XALAPA, VER.- This Monday, August 28, marks the 50th anniversary of “The Great Orizaba Earthquake”, one of the most important earthquakes in the history of Mexico. This event left more than 500 people dead in the central region of the state of Veracruz.
It was around 3:45 a.m. on that Tuesday, August 28, 1973, when the 7.3 degree telluric movement, which lasted about 2 minutes, left damage mainly in Orizaba, Río Blanco, Córdoba and Ciudad Serdán in Puebla, where hundreds of homes and buildings turned to dust.
According to official data from the National Center for Disaster Prevention (CONAPRED), the 7.3 magnitude earthquake left 539 victims in Orizaba who died under the rubble of buildings that fell that morning.
The total number of fatalities amounts to 1,200 people, as homes in the surroundings of the now Magic Town of Veracruz, such as Río Blanco, Córdoba, Nogales, Zongolica, Ixtaczoquitlán, Río Blanco and Ciudad Serdán, Puebla, also suffered damage. 50 years after this earthquake, it is not ruled out that more than 2,000 people died, mostly while they slept that morning.
Schools, churches, old houses and well-known buildings from that time collapsed two minutes after the shaking stopped. Records from that time indicate that volunteers and authorities worked several days to remove the bodies from the rubble.
The Veracruz seismograph managed to register a magnitude of up to 8.5, which would place it as the second most intense tremor in the history of Mexico and the largest in the 20th century, due to this intensity, some other states could perceive this movement as minimal intensity .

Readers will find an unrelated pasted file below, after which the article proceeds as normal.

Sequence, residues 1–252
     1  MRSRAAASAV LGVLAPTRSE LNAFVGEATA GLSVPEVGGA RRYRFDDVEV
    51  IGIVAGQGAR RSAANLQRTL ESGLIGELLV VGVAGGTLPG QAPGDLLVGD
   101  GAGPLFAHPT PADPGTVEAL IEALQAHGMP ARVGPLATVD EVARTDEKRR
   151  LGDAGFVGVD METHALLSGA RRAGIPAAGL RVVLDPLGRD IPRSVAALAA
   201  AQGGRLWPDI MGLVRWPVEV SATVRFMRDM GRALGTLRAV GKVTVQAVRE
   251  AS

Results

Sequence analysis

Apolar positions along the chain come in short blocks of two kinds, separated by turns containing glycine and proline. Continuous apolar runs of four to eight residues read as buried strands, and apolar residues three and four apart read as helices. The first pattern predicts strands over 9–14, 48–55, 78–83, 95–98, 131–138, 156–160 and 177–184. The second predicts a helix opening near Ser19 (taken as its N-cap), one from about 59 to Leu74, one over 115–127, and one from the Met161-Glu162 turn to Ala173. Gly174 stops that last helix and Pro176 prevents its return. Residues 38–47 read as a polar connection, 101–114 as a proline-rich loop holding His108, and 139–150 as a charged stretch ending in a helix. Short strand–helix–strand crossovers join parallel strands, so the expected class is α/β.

These were some of the Orizaba buildings collapsed by the 1973 earthquake
La Packard: It was a very emblematic building of that time in which there were 35 apartments, it had three levels and the ground floor was the parking lot. At the time of the earthquake, they were the most luxurious condominiums in Orizaba.
According to the data, the building collapsed with at least 15 people still inside, and during two days of rescue they were able to get at least 7 people out alive.
Old Bullring: Located on what is now Avenida Oriente 6, it was the first bullring in the region of the High Mountains of Veracruz, which was founded in 1925.
Although nothing happened at the time of the first strong movement, it was a strong aftershock that ended up collapsing the Plaza. There were no fatalities at this location.
C.E.O.: The Centro Educativo Obrero (C.E.O.) formerly located in the facilities of the now municipal palace, at least two floors of the building collapsed. Due to the time this earthquake was recorded, there were no fatalities.
Civil Hospital: Where it is currently the State Art Museum, it was the regional hospital at that time, which left 70 people dead. The building suffered severe damage inside, leaving only the façade standing.
Source: La Silla Rota